An unknown number of suspected traffickers were arrested and possibly detained, but the government reported no investigations or prosecutions of trafficking offenses. During the reporting period, border police detained and questioned five marabouts on suspicion of child trafficking, although they were eventually released and no charges were filed against them. Observers noted that most parents of trafficked children remained unwilling to press charges against suspected traffickers. Guinea-Bissau's judicial system lacks sufficient human and physical capital to function properly and corruption remained pervasive. In contrast to previous years, however, some prisons were staffed and functioning. The government did not provide any specialized training to law enforcement officials on investigating or prosecuting trafficking crimes. During the reporting period, members of an Italian police force provided on-site training to border guards in Pirada, a major trafficking route. There were no investigations into official government complicity, but observers believe police and border guards accepted bribes to release trafficking offenders from detention centers, and politicians intervened to facilitate the release of influential religious leaders accused of trafficking to garner political support.
The Government of Guinea-Bissau demonstrated overall inadequate efforts to identify and protect victims during the year, though it provided modest financial assistance to NGO-run shelters that cared for trafficking victims. NGOs reported that the government did not make systematic efforts to identify victims proactively and refer them to NGOs and international organizations. Although the INMC routinely called NGOs to alert them to the arrival of repatriated trafficking victims, the government offered no additional assistance. During the last year, the central government contributed the equivalent of $16,000 to an NGO that operated two multi-purpose shelters, and two local governments paid the salaries of security guards for two care facilities for previously-exploited talibes in their jurisdictions. The Bissau-Guinean Embassy in Dakar organized and funded the repatriation of 120 Bissau-Guinean victims identified in Senegal. There are reports that some children who were able to escape their traffickers walked back to Guinea-Bissau from Senegal on their own; the government did not provide these children with services upon their return, and there were reports that many of them ended up living on the street. Child victims were not encouraged to assist in the investigation and prosecution of trafficking offenses; the government reported encouraging adult family members and neighbors to participate in legal proceedings against the suspected traffickers of their children, although none occurred. There is no evidence that the government detained, fined, or jailed trafficking victims for unlawful acts committed as a result of being trafficked.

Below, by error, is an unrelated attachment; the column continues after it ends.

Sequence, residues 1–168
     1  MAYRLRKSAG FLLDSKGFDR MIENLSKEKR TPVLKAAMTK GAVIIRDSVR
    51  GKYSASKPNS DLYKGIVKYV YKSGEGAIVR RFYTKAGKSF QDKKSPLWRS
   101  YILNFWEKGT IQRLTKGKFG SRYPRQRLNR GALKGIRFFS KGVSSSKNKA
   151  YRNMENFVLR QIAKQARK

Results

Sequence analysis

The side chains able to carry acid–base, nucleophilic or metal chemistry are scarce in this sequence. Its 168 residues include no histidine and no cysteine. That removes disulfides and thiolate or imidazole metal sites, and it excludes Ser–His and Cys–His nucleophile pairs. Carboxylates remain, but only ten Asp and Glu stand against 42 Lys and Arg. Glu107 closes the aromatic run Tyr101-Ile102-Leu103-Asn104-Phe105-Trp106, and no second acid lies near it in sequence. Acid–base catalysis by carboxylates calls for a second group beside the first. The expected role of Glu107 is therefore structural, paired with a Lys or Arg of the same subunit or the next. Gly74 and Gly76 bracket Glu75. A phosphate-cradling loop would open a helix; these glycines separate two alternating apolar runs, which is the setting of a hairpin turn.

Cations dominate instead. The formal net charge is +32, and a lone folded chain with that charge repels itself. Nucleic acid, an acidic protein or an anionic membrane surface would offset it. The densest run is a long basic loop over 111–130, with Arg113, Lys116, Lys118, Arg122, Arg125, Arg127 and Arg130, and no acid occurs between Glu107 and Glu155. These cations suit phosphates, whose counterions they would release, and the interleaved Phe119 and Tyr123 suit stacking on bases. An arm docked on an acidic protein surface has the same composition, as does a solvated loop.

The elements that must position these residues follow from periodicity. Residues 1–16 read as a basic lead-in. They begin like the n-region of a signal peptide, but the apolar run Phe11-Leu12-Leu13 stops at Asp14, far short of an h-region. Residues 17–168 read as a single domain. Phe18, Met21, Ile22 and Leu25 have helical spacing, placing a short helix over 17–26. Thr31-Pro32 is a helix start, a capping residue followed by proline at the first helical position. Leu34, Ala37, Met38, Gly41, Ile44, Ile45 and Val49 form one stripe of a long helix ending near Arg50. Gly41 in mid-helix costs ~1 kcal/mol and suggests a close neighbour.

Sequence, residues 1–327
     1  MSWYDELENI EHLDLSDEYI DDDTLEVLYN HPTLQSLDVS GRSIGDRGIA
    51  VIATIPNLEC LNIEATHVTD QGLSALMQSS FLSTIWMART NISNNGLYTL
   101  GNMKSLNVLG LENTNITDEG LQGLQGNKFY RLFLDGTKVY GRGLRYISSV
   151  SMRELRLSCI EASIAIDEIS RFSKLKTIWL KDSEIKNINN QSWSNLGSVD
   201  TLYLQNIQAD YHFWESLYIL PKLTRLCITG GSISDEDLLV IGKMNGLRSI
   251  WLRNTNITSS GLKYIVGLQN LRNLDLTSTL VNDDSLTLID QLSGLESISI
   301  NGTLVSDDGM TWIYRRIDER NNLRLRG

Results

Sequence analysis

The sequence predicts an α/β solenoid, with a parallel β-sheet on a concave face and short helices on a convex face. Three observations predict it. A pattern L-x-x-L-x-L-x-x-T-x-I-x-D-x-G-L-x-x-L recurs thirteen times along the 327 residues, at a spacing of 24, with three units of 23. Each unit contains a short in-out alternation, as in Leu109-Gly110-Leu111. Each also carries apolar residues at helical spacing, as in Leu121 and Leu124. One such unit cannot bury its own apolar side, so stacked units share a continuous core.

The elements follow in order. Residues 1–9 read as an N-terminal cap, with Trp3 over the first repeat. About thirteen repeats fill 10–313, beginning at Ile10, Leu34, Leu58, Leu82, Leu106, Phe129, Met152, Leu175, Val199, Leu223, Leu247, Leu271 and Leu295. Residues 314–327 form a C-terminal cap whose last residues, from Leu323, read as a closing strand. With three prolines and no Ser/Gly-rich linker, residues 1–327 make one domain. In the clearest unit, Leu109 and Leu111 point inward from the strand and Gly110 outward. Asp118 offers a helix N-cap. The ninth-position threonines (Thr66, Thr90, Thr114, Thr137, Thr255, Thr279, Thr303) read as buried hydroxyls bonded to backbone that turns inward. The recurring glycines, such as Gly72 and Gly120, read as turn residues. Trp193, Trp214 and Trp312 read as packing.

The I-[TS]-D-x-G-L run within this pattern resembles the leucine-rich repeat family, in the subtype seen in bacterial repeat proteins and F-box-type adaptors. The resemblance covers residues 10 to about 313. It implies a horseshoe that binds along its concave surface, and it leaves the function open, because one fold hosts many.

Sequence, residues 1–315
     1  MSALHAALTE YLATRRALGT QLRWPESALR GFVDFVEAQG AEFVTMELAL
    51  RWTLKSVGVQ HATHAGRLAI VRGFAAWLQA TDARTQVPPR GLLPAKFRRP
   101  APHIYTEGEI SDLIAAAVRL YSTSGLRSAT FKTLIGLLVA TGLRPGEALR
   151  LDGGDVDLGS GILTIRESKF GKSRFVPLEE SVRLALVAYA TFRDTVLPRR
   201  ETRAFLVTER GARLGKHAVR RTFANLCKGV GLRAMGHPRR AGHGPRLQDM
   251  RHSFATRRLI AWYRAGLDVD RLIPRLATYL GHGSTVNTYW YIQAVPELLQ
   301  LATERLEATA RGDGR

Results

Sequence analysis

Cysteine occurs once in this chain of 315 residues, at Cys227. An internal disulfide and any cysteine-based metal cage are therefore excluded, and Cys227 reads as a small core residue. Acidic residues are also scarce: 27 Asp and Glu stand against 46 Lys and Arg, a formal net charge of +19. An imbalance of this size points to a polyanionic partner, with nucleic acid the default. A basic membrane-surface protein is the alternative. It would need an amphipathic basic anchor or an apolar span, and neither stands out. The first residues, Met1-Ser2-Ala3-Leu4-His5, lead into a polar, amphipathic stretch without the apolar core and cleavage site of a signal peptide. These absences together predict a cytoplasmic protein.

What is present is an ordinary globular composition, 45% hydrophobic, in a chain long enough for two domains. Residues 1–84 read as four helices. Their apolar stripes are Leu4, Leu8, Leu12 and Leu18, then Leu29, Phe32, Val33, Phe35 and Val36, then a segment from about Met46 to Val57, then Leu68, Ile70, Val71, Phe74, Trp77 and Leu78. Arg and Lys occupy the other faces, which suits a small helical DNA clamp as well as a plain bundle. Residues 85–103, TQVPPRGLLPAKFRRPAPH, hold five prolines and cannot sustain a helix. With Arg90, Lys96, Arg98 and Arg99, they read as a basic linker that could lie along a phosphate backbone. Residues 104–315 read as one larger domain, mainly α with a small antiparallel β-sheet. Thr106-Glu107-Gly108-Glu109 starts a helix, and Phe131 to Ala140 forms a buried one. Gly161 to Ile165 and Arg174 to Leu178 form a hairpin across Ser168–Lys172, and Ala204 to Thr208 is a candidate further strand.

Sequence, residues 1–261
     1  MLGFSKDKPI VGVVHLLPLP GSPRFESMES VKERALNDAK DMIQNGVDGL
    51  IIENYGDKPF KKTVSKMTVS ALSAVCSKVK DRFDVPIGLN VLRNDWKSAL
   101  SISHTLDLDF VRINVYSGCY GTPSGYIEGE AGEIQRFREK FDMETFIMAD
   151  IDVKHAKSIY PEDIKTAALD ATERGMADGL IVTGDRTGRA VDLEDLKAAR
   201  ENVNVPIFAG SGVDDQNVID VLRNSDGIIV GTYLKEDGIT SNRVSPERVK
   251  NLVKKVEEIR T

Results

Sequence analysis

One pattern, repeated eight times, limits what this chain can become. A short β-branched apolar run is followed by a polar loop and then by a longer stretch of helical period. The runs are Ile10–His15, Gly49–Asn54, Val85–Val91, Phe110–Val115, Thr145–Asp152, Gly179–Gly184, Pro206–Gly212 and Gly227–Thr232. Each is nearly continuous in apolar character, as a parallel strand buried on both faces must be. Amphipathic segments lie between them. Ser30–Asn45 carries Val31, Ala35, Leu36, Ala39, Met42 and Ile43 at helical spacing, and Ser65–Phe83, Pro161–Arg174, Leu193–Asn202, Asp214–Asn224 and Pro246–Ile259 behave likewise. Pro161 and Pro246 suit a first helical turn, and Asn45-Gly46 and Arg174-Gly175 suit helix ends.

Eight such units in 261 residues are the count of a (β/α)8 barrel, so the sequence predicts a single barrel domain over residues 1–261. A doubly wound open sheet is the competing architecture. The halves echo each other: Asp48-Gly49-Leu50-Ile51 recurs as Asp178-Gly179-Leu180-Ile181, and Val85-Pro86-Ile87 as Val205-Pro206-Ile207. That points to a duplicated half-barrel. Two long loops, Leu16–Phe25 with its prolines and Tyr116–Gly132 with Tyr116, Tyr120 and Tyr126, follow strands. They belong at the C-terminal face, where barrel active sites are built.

The government undertook minimal anti-trafficking prevention efforts during the reporting period. An inter-ministerial steering committee, chaired by INMC, met once during the reporting period and adopted a national action plan for 2011-2013, which is primarily aimed at providing guidance for implementing the new anti-trafficking law. This plan also obligates the government to contribute to anti-trafficking efforts from its general funds each year. NGOs expressed concern over the lack of transparency and partnership between the INMC and the NGO community. The government participated in NGO-led anti-trafficking awareness campaigns in the form of local workshops, radio and television announcements, informational flyers, and door-to-door campaigns. International donors provided the funding for these outreach events. The government took no discernible measures to reduce the demand for commercial sex acts or forced labor during the year.